An Even Spending Plan Gives You a Good Night’s Sleep

The age-old saying “Don’t count your chickens before they’ve hatched” is certainly coming home to roost this week. After a rip-roaring start to the year, the stock market hit some serious turbulence in the first week of February.

The S&P 500 lost 4% last week and has had a rocky start to this week. Before the drop, investors enjoyed a 7.5% gain in less than twenty trading days. Based on that pattern, the market was on track to jump 158% this year.

Anyone with money invested in the stock market was probably feeling pretty good in January. Last month’s gain was the highest for the month of January since 1997 when it rose 6%. Back then the market continued its upward trend, climbing 31% for the year. We can only hope to replicate that performance.

Economists often discuss the wealth effect, or the inclination for consumers to spend more when they have a higher investment balance. Seeing improved balances due to terrific gains in stock and bond portfolios makes consumers feel more confident in their wealth. This comfort level often inspires above-average spending.

But when that fattened balance is tied to unrealized gains, you’d best put that credit card back in your wallet. As this week’s trading illustrates, swift gains can quickly revert to losses. The best way to keep your retirement strategy on course is to tie your spending to a fixed budget, not an ever-changing brokerage balance.

While it might feel nice to splurge on a fancy vacation when the S&P 500 is soaring, it will feel doubly bad to stay home watching Netflix every night during a bear market.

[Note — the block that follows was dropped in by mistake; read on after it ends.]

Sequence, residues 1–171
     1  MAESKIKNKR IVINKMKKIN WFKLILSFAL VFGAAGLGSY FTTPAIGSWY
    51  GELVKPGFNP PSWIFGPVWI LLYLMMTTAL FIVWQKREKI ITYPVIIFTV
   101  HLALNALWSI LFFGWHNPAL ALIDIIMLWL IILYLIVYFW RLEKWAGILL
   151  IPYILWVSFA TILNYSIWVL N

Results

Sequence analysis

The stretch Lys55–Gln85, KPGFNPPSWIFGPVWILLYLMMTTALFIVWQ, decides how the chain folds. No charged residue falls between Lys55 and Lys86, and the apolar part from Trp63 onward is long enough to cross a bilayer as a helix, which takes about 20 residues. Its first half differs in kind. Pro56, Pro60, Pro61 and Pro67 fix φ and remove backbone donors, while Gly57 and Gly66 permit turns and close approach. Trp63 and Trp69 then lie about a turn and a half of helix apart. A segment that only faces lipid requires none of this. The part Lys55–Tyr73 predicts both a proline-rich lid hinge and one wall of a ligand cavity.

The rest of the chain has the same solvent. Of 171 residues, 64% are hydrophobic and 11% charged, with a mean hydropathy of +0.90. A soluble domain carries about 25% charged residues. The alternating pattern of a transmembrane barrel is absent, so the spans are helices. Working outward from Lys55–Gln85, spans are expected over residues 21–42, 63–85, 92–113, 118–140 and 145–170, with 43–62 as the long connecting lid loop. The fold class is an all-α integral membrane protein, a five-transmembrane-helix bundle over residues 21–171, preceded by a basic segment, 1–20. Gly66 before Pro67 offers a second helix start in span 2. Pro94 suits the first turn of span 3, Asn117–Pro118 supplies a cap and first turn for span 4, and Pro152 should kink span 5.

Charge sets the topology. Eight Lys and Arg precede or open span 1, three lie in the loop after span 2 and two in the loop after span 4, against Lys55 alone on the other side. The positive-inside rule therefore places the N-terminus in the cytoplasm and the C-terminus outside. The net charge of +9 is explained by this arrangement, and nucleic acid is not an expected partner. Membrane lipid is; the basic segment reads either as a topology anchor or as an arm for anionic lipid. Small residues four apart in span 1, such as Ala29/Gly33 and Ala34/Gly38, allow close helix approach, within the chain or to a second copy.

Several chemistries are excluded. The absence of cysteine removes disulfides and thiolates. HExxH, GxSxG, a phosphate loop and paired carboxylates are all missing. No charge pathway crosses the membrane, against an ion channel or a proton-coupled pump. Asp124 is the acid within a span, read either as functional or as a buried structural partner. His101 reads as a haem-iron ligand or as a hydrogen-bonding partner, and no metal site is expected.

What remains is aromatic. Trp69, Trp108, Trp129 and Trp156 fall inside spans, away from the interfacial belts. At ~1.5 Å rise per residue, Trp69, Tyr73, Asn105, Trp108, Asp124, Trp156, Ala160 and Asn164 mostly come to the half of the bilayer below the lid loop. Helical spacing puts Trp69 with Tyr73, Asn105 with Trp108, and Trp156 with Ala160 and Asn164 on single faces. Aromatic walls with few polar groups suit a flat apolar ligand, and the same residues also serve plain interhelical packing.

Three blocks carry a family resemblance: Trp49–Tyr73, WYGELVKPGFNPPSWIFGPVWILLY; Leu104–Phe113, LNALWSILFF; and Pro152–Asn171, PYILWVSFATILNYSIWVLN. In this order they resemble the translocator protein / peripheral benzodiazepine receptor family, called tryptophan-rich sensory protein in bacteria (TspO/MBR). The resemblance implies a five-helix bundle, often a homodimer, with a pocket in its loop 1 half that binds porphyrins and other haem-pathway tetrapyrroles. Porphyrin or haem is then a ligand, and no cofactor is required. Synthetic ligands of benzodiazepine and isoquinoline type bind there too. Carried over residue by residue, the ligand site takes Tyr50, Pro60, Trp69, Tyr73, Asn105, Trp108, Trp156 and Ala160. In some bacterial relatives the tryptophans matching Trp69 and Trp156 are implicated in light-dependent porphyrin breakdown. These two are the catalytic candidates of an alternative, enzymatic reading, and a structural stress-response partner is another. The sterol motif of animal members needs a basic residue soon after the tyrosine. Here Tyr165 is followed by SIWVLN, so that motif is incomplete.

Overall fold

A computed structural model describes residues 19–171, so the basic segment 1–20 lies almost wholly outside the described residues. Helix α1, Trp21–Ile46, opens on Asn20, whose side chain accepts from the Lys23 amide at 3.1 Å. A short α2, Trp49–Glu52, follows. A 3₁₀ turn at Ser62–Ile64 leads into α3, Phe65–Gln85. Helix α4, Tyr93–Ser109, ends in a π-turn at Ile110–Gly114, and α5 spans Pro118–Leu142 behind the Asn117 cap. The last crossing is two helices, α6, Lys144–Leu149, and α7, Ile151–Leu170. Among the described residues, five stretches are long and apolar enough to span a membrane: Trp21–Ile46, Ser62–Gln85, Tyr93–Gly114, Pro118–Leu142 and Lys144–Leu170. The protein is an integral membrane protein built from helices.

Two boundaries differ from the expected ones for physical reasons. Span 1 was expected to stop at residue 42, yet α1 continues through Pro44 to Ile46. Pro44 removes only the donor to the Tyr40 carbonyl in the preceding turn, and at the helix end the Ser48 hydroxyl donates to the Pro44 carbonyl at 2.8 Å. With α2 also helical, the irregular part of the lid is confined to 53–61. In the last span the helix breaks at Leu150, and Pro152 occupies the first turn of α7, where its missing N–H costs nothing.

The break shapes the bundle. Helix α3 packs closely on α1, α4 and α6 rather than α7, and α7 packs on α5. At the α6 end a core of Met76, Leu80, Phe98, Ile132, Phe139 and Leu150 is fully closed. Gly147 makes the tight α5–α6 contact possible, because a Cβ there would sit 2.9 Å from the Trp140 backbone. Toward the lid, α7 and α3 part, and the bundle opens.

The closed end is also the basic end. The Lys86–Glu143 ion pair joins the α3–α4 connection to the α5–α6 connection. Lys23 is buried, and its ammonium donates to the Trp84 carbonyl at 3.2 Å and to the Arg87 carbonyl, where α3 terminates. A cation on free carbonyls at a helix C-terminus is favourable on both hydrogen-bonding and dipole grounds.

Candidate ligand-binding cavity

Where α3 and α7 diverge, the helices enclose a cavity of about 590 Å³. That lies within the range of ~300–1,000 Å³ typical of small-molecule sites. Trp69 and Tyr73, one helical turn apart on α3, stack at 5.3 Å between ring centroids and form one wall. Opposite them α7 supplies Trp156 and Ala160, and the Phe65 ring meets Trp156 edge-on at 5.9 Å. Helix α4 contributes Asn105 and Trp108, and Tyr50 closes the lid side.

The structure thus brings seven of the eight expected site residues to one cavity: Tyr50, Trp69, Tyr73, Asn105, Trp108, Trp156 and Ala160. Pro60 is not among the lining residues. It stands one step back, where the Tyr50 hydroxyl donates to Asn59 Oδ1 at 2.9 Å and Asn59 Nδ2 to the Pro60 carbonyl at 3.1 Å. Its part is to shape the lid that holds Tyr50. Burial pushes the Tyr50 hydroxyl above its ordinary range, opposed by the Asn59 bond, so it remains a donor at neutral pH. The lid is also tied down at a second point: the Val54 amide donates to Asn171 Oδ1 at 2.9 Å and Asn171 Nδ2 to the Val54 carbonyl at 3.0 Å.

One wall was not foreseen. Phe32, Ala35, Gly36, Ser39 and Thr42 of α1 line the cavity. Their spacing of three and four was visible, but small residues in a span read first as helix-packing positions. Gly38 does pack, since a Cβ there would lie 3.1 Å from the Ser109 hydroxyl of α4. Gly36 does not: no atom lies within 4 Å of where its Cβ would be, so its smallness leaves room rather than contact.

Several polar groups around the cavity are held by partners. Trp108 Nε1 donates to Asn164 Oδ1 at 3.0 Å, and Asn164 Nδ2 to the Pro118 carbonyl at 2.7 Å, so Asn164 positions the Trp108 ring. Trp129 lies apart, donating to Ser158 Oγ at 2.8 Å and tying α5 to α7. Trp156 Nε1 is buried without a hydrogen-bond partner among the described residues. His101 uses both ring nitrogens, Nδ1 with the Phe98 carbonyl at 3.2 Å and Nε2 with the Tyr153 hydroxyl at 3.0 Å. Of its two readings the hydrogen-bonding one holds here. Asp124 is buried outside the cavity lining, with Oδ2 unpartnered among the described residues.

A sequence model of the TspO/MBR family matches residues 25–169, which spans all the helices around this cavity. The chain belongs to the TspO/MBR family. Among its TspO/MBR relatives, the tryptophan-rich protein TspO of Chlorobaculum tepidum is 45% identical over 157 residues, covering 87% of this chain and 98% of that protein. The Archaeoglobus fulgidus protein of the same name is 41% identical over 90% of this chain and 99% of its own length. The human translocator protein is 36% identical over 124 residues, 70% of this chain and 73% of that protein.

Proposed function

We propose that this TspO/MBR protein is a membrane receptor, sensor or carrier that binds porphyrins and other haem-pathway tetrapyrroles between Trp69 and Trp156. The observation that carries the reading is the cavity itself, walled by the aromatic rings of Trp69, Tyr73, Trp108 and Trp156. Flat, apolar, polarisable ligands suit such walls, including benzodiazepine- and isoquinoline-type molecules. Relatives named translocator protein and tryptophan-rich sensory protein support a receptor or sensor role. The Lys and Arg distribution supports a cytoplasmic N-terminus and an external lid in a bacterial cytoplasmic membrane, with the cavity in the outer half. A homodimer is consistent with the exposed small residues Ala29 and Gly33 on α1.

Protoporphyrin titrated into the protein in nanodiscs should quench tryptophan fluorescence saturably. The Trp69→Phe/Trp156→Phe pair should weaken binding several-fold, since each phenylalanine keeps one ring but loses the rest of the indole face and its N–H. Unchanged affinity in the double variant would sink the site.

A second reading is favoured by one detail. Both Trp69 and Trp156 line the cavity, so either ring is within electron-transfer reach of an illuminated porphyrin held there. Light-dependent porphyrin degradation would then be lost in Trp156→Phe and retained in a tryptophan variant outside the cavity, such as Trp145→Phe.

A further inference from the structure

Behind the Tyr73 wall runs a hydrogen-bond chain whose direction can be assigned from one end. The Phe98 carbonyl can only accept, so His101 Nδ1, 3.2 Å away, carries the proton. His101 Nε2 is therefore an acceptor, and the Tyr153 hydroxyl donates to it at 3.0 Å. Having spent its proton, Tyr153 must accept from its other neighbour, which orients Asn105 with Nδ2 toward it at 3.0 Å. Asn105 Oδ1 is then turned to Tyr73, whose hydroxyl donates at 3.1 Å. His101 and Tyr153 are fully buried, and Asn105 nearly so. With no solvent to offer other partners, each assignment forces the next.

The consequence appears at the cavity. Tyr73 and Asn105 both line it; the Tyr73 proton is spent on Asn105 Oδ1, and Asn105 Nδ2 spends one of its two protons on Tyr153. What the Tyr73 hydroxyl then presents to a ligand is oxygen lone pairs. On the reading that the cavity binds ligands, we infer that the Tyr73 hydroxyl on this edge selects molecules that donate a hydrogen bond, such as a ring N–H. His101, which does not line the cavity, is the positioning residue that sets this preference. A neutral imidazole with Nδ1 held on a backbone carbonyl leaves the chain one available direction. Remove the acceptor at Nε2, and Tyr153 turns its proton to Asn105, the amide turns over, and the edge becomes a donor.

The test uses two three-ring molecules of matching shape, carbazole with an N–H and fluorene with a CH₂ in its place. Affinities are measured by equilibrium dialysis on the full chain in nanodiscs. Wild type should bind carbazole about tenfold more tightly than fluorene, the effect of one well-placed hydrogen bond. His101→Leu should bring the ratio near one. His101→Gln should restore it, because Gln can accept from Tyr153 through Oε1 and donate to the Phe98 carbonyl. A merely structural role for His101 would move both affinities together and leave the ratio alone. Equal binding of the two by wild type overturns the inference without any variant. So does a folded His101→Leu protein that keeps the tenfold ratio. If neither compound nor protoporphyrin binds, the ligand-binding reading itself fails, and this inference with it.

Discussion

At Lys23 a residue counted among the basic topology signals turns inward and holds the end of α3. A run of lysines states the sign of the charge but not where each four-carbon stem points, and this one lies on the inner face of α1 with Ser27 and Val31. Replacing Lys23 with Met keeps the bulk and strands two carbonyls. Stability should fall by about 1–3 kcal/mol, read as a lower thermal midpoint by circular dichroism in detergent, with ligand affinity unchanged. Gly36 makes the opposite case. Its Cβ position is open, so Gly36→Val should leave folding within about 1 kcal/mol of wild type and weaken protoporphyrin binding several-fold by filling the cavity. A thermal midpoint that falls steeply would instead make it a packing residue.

Have a Bucket Plan

As someone who follows the market for a living, I have a constant feed of stock prices lighting up my desktop. I am hyper-aware of my investment balances, for better or worse. And while my mood might shift based on an extra bullish day or, as we’ve experienced recently widespread selling, it’s best to keep your spending steady.

Basing your spending or retirement decisions on monthly swings in the stock market is a poor plan. Most financial advisers suggest a few buckets for investments based on spending forecasts. Money is moved from a “most invested” bucket to a “least invested bucket” based on how soon you plan on spending that money.

The most invested bucket likely holds stocks, stock ETFs and mutual funds geared towards capital growth. The less invested buckets hold more cash, bonds, and ETFs and mutual funds focused on income and capital preservation. The long-term holding plan for this bucket allows you to weather market storms.

If your children are toddlers and you’re saving for college, most of this money should be fully invested in growth vehicles. It is frightening and not prudent to dump all your savings into the market in one lump. Adding a fixed dollar amount monthly will automatically help you average into stock prices over time.

The same goes for retirement savings. A young person will likely have most of his savings in stocks and growth vehicles.  However, as the person ages, a portion of those savings will be moved to less risky buckets.

The goal is that as you creep towards retirement, your investment balance will be less volatile. You don’t want to worry that a sum you plan on spending next month suddenly disappeared due to a market sell-off.

 If you’ve slowly crept into bonds and dividend ETFs or mutual funds, your portfolio should generate a decent supply of steady income. More importantly, an even-keeled spending plan will allow you to get a good night’s sleep in all those years before retirement.

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